Society has always been heavily influenced, if not guided, by celebrity. They are the trend setters and often the primary influencers of politics, economic agreements and social environments.
Paris Hilton is what you’d call a celebutante: a celebrity not through talent or work, but through inherited wealth and lifestyle. Gandhi was a poor peasant that spent his life petitioning the world for peace. Both are celebrities. Both have influenced society.
The United States of America is the most influential country in the world. Not necessarily because it the best or the most of any elements needed for power, but because it produces an astounding number of celebrities.
Worldwide, the developed world (which also tends to set the trends) follow the influence of celebrity, no matter where they’ve derived. The ole US happens to the most.
I wrote a blog back in 2011 called “Who Needs Celebrity Philanthropy”. I was living in Rwanda at the time and I noticed the pervasive sentiment amongst fellow humanitarians that celebrities were just self serving attention whores with no right to be engaging in philanthropic work. Frankly, that never made any sense to me.
Celebrities have a tremendous amount of power influence. They shape perspectives and beliefs; for good or for bad. The defining element that makes them a celebrity is that they are celebrated by a significant portion of the public.
If you have a cause to promote, a policy or system to reform or a movement to incite, it seems advantageous to recruit the most influential people in society. It’s not the only way, but strategically, it has a lot of value.
They could certainly use their power and wealth to carry out a much more self serving lifestyle, and many do. But they have made a conscious decision to “use their power for good”. It doesn’t mean it’s perfect. It doesn’t mean it’s not going to boost their ratings.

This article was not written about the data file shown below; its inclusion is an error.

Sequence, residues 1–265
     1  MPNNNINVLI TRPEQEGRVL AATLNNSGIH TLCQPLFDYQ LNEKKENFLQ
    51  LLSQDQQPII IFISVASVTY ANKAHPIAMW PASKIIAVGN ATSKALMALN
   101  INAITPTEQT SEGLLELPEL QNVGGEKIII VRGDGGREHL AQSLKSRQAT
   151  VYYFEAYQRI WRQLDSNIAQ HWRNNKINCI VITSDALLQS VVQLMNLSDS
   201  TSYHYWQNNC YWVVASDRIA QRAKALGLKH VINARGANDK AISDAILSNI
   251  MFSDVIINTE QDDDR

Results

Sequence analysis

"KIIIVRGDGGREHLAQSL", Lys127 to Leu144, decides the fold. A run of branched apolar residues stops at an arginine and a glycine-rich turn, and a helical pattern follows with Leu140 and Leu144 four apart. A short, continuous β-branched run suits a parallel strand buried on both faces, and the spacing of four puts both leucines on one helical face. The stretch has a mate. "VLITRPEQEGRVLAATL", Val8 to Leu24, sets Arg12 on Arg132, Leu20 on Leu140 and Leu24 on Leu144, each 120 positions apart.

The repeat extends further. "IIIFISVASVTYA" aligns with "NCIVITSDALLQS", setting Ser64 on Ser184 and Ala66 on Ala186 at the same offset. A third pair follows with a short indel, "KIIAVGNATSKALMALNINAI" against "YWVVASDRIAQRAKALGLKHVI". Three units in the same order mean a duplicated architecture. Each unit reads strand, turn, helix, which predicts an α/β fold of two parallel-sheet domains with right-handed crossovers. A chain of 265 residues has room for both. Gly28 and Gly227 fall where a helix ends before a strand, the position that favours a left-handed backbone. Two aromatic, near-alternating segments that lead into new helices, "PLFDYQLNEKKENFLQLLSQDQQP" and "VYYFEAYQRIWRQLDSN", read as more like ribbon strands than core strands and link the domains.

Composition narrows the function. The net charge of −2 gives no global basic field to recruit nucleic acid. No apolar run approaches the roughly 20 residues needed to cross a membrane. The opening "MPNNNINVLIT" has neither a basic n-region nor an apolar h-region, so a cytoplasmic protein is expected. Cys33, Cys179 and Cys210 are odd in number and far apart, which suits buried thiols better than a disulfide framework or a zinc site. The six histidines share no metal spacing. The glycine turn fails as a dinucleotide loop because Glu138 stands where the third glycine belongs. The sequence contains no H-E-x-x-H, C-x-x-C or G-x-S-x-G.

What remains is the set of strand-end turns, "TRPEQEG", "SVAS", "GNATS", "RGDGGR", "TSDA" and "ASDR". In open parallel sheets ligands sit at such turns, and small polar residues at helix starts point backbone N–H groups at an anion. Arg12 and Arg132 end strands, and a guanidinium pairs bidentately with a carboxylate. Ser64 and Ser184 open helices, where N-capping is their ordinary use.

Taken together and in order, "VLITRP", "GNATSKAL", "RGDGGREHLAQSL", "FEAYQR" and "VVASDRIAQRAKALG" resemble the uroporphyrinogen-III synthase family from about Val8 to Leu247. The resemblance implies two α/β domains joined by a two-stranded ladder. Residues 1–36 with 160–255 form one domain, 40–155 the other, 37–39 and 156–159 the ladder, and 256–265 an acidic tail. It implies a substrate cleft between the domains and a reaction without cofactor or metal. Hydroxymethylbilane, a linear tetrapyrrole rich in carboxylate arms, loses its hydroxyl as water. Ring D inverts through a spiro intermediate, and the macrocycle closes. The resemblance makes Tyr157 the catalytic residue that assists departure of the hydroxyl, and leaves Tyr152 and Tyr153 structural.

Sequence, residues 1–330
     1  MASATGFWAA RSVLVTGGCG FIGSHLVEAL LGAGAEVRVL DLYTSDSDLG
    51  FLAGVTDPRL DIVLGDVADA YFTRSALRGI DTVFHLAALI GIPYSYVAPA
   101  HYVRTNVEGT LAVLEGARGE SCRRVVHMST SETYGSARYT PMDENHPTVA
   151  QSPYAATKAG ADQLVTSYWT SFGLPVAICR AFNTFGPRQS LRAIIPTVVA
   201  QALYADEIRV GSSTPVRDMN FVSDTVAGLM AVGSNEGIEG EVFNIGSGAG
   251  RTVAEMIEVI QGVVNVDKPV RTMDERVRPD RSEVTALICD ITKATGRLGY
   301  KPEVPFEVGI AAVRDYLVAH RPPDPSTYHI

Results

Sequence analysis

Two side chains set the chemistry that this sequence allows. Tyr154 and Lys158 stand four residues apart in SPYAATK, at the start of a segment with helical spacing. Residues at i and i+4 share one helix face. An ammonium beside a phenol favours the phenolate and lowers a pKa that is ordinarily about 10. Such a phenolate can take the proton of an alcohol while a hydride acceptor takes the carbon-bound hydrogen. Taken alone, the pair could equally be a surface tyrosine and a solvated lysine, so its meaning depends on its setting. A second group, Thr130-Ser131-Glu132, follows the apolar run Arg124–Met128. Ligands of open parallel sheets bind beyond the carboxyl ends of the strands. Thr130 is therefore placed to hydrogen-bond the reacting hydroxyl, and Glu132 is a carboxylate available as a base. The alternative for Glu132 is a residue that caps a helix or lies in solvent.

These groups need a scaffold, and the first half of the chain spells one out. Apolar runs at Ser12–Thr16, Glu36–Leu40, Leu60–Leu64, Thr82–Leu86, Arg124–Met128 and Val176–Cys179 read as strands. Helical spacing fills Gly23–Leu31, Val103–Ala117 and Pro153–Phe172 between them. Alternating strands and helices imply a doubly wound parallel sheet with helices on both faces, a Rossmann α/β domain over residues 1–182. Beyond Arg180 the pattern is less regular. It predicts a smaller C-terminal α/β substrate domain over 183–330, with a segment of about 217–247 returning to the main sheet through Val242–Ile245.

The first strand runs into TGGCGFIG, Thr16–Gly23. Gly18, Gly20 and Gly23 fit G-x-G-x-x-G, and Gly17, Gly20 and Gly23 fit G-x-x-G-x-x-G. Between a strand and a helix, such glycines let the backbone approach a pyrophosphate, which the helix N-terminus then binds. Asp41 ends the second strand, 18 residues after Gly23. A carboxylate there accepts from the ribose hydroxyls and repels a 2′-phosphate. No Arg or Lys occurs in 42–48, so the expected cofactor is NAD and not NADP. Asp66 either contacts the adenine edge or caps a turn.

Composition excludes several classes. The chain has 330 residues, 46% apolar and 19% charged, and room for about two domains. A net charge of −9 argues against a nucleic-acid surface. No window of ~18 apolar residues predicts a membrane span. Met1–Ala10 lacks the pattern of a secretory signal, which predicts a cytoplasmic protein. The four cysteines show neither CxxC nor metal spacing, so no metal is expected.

The growing trend of our most celebrated and influential members of society engaging in benevolent service is a trend I’m happy to support. Perhaps if we celebrated more of their benevolent work, and less of their self serving drama, we’d see them grow exponentially more effective as humanitarians.
You are a member of “the public”. You probably have a Facebook account. What types of news and videos are you most likely to circulate? Does it support the positive aspects of celebrity, or the sensationalized, narcissistic drama? You are playing a role in what gets the most attention.
If you didn’t see Leonardo DiCaprio’s Oscar acceptance speech, I highly recommend taking the 3 minutes to listen. It was a beautiful moment, and I feel this is precisely the type of celebrity behavior we, as a society that chooses our celebrities, should be honoring and sharing.
Here’s a high quality video of DiCaprio’s acceptance speech.
DiCaprio’s recent production of Cowspiracy, was one of the most well created and important documentaries I’ve seen in 20 years of activism.
People tend to do whatever gets them the most attention. I’d say that’s doubly true for celebrities, because their livelihood depends on it. Just remember that we, the people, are the ones choosing what we celebrate.
You are a participant in this grand production. May you hold yourself to the same standard as you do the celebrities you follow, and may you be responsible with your power to choose the type of lifestyles and behavior you promote.